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COUNTY AGENT GUY

By Staff | Jan 22, 2016

The television programs that are most hazardous to our health – with the exception of political ads – are the cooking shows.

It all began with Julia Child and her show The French Chef.

Julia came into our living rooms and taught us a couple of things. First was that you don’t have to wear one of those goofy chef’s hats to be a chef.

Second was that you needn’t be afraid of failure. So what if you dropped the Thanksgiving turkey? Just pick it up and wipe it off.

What happens in the kitchen stays in the kitchen.

Julia’s show spawned an army of copycats. These programs became so numerous that the television industry was forced to dedicate an entire network to food.

Cooking shows can be problematic if you’re overly attracted to eating. It’s like a cat lover stumbling upon a YouTube channel that features nothing but adorable little kittens being adorable.

Another problem is that folks who view too many food programs might get the idea that cooking is easy and that they – even people such as me, who think that fine dining involves buying beef jerky at a gas station – can become a gourmet.

Being addicted to cooking shows can result in some odd conversations.

For instance, the other day I turned to my wife and said, “Next time we’re at the supermarket, we need to get some candied polka dot truffles that were harvested by mermaid fairies. And some desiccated bark shavings from the East Asian cassia tree.”

“I can understand the cinnamon,” she replied warily, “But why do you need those truffles?”

“Because I want to make the dish they made today on The Suspiciously Skinny Chef. She whipped up a souffle using organic free-range, fair-trade puffin eggs and a ganache of Gouda cheese that was made from Grand Tetons mountain goat milk.”

“You don’t even know what ganache is,” she said. “Until last week, you thought that a tostada was a saltine cracker with a splash of Tabasco.

“And you haven’t touched that jar of locally-produced Nepalese peppers preserved in extra-virgin filbert sauce. Weren’t you going to use them to make a Tibetan saffron omelet suffused with fennel pollen cream?” She had a point. My cooking ambitions often outpace my culinary skills.

Maybe things don’t go as smoothly on those cooking shows as they would have us believe. Who really thinks that any particular TV chef has never set off the fire alarm or that one person can crank out a four-course meal for 10 in half an hour?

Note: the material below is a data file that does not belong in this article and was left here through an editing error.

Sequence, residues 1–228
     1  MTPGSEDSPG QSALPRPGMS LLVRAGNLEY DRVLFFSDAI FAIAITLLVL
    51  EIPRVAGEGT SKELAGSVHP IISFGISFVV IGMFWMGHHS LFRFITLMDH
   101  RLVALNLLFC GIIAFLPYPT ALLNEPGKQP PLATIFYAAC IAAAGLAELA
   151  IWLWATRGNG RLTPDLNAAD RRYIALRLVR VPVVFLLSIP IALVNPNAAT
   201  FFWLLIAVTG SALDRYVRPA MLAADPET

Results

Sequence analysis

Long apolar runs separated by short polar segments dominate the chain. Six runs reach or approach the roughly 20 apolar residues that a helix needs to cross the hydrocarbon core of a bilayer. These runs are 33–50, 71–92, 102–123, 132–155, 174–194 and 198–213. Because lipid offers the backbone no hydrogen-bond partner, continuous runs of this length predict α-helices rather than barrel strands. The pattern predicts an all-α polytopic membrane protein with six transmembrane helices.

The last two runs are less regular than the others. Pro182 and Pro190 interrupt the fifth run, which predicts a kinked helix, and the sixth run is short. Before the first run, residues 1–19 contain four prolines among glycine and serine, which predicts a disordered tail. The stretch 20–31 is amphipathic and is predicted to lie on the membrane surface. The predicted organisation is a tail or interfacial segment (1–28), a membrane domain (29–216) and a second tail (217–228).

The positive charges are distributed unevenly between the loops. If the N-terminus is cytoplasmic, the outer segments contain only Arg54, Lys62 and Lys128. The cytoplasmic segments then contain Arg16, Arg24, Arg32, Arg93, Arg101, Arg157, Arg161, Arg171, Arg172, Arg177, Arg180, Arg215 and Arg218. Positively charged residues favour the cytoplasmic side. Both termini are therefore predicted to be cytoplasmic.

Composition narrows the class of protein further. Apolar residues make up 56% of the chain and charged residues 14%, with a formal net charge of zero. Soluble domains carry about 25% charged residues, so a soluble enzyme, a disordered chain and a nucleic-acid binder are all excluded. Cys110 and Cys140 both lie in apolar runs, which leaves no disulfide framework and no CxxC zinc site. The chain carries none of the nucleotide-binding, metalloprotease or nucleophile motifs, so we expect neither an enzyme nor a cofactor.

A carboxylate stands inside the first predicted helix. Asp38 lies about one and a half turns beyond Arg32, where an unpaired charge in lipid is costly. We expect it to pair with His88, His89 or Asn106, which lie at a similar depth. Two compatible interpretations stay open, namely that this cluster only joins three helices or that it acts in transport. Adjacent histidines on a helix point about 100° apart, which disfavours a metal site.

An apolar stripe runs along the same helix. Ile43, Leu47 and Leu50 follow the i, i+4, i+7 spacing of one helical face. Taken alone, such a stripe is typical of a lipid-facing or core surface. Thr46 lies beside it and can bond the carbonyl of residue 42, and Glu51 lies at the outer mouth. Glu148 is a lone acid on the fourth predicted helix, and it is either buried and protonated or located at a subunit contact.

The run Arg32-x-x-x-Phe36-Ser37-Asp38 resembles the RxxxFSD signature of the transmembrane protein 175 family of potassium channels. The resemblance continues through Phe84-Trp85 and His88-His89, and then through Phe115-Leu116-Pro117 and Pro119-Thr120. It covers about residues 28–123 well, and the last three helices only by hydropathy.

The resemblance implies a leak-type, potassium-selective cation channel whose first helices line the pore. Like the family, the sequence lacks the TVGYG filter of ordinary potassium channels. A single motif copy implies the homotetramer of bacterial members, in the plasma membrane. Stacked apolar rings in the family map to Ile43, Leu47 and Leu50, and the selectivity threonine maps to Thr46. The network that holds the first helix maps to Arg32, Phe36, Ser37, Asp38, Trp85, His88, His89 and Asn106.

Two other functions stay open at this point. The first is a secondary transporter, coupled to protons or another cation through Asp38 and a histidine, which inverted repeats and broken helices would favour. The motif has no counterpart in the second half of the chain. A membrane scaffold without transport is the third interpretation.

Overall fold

As with most guys, my favorite cooking method is outdoor barbecuing. The sight of a chunk of meat sizzling on a dancing flame stirs something deep within the primordial brain.

One can imagine how it all began with our caveman forebears:

“Look,” grunts a cave guy to his mate as he drags a dingy pile of fur into their cave. “Me clubbed this before it could eat me. Now we eat it instead.”

“Get that nasty thing out of our living room,” demands his mate as she swats at the cave guy’s prize with her broom. “I just got this place cleaned up and you come in here and make a mess.”

“What me do with this?” asks the bewildered cave guy.

“I don’t care. Just get it out of here.”

Dejected, the cave guy drags the carcass out behind their cave and heaves it onto their burn pile. A wondrous aroma fills the air and the cave guy soon finds himself surrounded by his cave guy neighbors.

“What smell so good?” grunts one of the neighbors.

Thinking quickly, the cave guy replies, “Me call it wild-caught grilled saber-tooth sirloin with aromatic ash-based crust.”

We had a burn barrel on our farm when I was a kid. Burning probably wasn’t the most environmentally friendly way to dispose of our rubbish, but we lived so far out in the country that garbage service was just an urban rumor.

Plus, paying a garbage service to haul away our refuse would have been taken as a sign that we had gone soft.

Fire is deeply fascinating to boys. When we burned our rubbish I would hang around the burn barrel all day, a fire-poking stick in hand.

It occurred to me one garbage-burning day that a great deal of potential cooking energy was going up in smoke.

Inspired, I requisitioned a hot dog and jammed it onto the end of my stick.

My first cooking experience was a total success. But then again, I happen to like carbonized tubular meat products that have fallen into the ashes a couple of times.

Nelson is a freelance writer from Volga, S.D. Reach him by e-mail at jjpcnels@itctel.com.

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